A moderately crafted assemblage of violent rural American stereotypes. Falls far short of the high bar set by “The Proposition.”
Director John Hillcoat regroups with screenwriter Nick Cave and redrafts Matt Bondurant’s novel about a tough hewn family of rough and ready moonshiners in the fabled hills of America’s Virginia. The time is prohibition, the Roaring Twenties, and the shotguns of the Bondurants roar as far away as Chicago, that toddlin’ town, where the big city boys are trying to muscle in on the Bondurant’s’ tradition family industry, moonshine.
As the film correctly points out, moonshine is the distilled spirits of a fermented mash that can be made out of anything from wheat to corn to soybeans to tree bark. It looks like witches brew, smells like tear gas and when you swallow it (eh, pardon me, “swaller it”) it feels like a combination of your first orgasm and your first car wreck. You lose your cares, your weakness, you r common sense and the lower half of your digestive tract at the same time.
This is a big part of what kept America going throughout the years when liquor was outlawed in America and organized crime was born. There was big money to be made and, apparently, the Bondurant’s were in on the ground floor.
It was dangerous business and it is big help if the head of your gang is somebody who survived The Great War even though the entire rest of his platoon was wiped out. In fact, in this film, one of the family having his throat cut “from ear to ear” as his lover Maggie (Jessica Chastain) puts it. Shown graphically in the movie, that is pretty much what it looks like.
In any event, he survives that and thereafter sports the most magnificent set of stiches, like something you saw on Frankenstein fifty years ago.
Younger brother Jack (Shia LaBeouf) fails early on in his first test of manhood when he cannot bring himself to kill a pig in a pen with a rifle. Luckily, one of the tougher brothers is there to do the task. This sort of misguided folklore pervades the film and turns what might be a blockbuster in foreign market into a joke on American soil.
Killing a pig is not a test of manhood in rural America. It is a way of getting meat on the table. However, one thing you can be sure of is that when a Southerner point a gun at something and fires at it, he (or she) will hit it.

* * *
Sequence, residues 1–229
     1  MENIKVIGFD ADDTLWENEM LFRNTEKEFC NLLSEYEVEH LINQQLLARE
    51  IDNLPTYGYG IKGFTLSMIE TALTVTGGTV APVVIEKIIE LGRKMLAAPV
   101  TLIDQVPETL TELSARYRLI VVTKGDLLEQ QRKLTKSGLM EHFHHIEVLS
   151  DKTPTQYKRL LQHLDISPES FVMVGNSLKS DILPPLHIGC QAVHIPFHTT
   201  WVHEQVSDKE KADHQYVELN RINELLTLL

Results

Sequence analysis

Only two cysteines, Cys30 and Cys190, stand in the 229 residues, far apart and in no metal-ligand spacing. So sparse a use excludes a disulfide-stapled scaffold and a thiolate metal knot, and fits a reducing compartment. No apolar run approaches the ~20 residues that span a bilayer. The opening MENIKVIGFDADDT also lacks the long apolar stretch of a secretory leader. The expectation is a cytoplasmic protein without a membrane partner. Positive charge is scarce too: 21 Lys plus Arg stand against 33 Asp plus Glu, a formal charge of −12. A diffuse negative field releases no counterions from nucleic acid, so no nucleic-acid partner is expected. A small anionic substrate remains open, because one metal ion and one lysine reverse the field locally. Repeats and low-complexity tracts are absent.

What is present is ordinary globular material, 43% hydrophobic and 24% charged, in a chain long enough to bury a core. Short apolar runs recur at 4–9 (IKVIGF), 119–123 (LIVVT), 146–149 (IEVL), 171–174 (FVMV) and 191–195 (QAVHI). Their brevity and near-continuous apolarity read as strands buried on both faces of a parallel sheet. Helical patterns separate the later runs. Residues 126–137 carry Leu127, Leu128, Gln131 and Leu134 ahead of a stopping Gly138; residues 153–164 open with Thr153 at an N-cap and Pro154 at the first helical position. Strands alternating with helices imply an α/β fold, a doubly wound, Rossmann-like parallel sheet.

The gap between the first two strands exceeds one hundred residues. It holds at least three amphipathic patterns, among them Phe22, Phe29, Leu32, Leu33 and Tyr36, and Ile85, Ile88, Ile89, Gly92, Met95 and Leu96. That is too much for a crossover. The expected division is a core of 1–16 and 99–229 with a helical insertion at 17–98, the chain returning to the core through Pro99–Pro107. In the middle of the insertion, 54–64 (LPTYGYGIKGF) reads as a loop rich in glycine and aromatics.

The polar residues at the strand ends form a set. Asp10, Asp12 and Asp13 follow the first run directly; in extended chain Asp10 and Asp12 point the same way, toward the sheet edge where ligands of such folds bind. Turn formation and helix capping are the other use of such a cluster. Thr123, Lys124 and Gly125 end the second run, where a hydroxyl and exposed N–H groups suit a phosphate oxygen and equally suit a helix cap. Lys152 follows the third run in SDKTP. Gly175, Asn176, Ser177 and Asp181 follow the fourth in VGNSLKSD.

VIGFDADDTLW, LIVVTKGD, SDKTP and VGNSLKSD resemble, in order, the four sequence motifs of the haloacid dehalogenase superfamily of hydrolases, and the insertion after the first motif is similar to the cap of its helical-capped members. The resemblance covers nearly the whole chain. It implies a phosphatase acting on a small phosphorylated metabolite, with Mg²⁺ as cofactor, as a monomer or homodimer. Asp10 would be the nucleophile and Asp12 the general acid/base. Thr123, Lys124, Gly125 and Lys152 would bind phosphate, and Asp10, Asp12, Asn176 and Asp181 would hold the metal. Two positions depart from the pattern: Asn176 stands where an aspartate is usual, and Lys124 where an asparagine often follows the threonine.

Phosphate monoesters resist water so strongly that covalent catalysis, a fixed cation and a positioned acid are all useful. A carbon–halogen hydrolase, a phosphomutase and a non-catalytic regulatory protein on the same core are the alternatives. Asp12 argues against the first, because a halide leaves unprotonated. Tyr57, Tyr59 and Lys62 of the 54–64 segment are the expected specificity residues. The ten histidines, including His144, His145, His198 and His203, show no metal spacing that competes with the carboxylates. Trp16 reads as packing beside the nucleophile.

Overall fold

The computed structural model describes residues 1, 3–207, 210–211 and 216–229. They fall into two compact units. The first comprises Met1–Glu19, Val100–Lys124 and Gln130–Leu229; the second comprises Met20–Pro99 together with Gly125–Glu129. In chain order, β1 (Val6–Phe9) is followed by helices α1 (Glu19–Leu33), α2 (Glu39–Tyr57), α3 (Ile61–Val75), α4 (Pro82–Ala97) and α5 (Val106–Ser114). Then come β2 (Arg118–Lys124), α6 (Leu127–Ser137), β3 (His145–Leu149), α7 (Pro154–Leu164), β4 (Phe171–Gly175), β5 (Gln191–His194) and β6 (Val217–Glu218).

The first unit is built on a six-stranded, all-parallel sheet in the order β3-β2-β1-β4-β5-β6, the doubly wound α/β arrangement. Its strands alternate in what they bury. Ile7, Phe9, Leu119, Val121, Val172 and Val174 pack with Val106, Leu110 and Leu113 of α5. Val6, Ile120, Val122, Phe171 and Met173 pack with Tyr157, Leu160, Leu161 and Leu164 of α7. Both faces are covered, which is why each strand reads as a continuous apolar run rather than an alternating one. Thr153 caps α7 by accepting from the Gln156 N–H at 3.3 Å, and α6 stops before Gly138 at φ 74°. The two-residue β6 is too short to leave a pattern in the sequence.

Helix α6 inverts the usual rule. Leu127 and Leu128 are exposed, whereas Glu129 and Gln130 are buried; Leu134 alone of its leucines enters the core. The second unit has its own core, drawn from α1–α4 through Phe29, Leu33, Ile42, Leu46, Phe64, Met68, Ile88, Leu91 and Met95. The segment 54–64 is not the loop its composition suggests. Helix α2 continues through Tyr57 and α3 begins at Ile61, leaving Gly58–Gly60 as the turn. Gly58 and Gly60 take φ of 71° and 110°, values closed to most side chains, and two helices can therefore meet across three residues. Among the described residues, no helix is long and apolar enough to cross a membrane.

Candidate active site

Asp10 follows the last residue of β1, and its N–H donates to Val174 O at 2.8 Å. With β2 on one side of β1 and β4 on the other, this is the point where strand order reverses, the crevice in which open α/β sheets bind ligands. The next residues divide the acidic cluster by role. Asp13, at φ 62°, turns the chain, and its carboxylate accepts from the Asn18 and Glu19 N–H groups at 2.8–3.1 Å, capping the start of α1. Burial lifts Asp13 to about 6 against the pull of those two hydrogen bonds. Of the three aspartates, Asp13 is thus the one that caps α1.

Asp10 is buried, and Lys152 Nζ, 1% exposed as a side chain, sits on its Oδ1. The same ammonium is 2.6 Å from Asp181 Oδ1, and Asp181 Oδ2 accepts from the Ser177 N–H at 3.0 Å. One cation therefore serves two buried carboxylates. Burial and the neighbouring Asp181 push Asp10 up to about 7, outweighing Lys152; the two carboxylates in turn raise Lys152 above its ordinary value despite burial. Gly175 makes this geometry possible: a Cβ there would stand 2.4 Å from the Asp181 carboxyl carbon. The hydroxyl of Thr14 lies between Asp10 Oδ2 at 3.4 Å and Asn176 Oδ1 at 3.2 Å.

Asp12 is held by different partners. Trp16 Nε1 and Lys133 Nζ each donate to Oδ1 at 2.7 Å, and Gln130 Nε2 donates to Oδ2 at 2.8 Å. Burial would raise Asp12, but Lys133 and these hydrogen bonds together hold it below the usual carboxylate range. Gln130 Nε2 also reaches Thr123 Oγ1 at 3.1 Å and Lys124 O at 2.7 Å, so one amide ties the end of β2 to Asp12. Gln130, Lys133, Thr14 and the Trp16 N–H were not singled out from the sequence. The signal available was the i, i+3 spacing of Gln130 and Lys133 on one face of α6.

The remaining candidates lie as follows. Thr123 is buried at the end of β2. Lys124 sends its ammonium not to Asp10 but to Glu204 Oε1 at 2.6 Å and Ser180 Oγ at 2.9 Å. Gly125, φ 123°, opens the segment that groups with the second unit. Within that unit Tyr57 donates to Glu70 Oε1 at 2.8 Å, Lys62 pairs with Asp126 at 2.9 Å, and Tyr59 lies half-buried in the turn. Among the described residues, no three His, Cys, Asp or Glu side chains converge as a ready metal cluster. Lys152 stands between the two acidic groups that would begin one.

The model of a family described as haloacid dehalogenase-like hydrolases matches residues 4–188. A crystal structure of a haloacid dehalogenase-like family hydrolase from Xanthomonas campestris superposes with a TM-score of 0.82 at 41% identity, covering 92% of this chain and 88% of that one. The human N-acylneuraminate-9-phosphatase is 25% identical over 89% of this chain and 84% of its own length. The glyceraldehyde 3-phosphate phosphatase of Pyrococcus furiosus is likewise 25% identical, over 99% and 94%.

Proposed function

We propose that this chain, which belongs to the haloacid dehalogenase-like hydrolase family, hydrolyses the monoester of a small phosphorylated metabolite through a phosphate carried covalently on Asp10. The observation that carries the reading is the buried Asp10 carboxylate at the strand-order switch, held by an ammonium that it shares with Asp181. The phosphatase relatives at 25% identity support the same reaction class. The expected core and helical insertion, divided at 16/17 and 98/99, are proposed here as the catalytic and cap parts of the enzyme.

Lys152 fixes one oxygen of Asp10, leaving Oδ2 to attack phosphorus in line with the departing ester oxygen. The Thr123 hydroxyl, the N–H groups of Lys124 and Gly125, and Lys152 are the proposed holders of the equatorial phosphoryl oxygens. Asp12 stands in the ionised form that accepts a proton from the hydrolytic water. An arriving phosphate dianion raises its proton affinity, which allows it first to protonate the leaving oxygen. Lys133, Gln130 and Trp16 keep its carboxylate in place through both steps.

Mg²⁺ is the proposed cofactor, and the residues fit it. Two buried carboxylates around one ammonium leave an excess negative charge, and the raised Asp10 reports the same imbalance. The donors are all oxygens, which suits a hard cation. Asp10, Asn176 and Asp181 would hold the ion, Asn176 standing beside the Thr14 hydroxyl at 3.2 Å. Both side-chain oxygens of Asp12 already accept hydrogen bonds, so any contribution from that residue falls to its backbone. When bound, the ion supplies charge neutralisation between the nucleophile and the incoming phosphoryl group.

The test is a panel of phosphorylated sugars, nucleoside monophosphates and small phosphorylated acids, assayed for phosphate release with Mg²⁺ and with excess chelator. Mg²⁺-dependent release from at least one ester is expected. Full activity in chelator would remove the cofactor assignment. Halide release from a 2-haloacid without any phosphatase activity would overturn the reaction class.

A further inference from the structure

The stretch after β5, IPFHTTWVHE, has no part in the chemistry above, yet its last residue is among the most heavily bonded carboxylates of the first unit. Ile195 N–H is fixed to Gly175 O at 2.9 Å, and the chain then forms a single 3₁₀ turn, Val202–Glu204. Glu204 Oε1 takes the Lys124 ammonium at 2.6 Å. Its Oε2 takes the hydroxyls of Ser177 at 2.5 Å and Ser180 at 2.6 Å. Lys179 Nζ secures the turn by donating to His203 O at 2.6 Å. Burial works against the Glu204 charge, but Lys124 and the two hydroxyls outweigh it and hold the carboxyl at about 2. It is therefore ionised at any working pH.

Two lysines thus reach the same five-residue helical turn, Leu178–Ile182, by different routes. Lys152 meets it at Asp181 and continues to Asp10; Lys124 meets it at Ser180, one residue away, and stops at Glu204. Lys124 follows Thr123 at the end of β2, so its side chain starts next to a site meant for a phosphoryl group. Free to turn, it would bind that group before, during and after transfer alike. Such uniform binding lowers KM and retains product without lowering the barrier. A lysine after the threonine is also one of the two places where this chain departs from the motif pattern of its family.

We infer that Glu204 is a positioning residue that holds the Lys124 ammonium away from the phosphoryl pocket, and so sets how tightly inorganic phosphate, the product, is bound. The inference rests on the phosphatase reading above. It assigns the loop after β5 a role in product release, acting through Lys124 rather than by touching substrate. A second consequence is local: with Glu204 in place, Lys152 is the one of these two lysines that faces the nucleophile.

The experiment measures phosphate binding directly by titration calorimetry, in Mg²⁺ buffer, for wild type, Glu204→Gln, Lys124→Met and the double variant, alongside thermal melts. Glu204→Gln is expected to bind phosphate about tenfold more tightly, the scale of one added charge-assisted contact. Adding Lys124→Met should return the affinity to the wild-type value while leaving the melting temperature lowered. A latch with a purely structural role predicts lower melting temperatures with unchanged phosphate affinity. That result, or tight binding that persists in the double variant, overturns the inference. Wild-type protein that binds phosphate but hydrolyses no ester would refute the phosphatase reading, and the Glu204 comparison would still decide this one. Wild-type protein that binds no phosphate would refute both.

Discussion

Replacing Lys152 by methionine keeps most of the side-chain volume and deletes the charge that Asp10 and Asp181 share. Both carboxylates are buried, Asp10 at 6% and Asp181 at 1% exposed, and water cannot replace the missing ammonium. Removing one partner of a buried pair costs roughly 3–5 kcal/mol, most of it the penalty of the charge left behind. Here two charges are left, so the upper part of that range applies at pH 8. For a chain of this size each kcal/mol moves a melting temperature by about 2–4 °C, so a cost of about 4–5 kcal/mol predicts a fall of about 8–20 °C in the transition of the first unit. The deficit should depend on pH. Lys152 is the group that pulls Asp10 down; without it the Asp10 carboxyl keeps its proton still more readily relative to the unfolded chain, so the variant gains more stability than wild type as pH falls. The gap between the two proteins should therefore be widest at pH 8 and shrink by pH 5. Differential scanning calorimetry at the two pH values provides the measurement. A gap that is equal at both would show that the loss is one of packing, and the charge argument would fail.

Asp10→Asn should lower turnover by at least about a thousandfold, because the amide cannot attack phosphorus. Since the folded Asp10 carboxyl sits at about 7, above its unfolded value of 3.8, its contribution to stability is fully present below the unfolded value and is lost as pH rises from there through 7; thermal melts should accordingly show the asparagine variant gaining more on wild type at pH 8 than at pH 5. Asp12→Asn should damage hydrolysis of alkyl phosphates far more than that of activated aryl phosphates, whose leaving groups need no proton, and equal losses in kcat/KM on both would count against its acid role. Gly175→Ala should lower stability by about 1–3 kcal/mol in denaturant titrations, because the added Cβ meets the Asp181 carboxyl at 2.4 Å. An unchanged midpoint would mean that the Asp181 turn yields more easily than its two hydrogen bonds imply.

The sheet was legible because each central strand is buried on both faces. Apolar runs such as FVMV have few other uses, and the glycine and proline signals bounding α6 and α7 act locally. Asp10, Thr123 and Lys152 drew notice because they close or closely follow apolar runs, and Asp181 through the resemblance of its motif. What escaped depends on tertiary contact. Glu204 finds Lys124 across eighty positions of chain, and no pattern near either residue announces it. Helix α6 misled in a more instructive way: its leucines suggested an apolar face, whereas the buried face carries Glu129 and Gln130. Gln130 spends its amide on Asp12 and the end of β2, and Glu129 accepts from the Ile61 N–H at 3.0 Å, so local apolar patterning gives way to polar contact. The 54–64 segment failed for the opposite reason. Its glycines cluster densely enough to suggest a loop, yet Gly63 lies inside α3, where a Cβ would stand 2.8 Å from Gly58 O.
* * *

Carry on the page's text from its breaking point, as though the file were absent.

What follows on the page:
Therein lays the weakness in “Lawless.” It purports to blast out the same gut-wrenching violence as the masterpieces of the genre, Sam Peckinpah’s “The Wild Bunch,” or Walter Hill’s “The Long Riders,” but what we get is bunch of aimless shooting.
The director and screenwriter (and perhaps the author of the novel) would do well to remember that when a man opens up with a shotgun on a group of baddies from twenty yards away, somebody is going to go down. In this film, the only person who seems capable of actually shooting anybody is mister uber-baddie himself Special Agent Charlie Rakes (played to the hilt by Guy Pierce).
Guy Pierce is good, he is so good the audience wants to kill him from the first scene. The problem is that his character goes nowhere. In the place and at the time the film is set, a man like Rakes would have been killed and buried in the hills after his first day in town. He would not have spent days and weeks bashing callow youths like Cricket (Dane DeHaan) in the face with his shotgun while the locals milled around in angry confusion.
Lucky for us, because Cricket bears a striking resemblance to C.W. Moss (paled by Michael J. Pollard) in “Bonnie and Clyde.” In fact, brother Jack, Cricket and frisky preacher’s daughter Bertha (Mia Wasikowska) make a sort of Bonnie and Clyde look-alike group, with Wasikowska channeling Sissy Spacek from “Coal Miner’s Daughter.”
Unfortunately, all of these references come across as pathetic rather than inspirational. They are all just grabs in the dark for some kind of American myth of the rural self-righteous that this film tries to foist on the viewing audience.
Round out the cast with Gary Oldman playing Floyd Banner in a combination of Baby Face Nelson and Pretty Boy Floyd and Crickett’s mother (uncredited) who is a shoe-in for the James Gang’s mom who is accidentally burned to death by the revenuers in “Long Riders,” and you have a semi-authentic plasticized and sterilized version of just about every American folk hero in history except Daniel Boone, Davy Crockett and Paul Bunyan.
Let us hope Hillcoat and Cave do not move on to the Alamo.
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Directed by: John Hillcoat
Written by: Nick Cave (screenplay), Matt Bondurant (novel)
Starring Tom Hardy, Shia LaBeouf and Guy Pearce
Release Date: August 29, 2012
MPAA: Rated R for strong bloody violence, language and some sexuality/nudity
Run Time: 115 minutes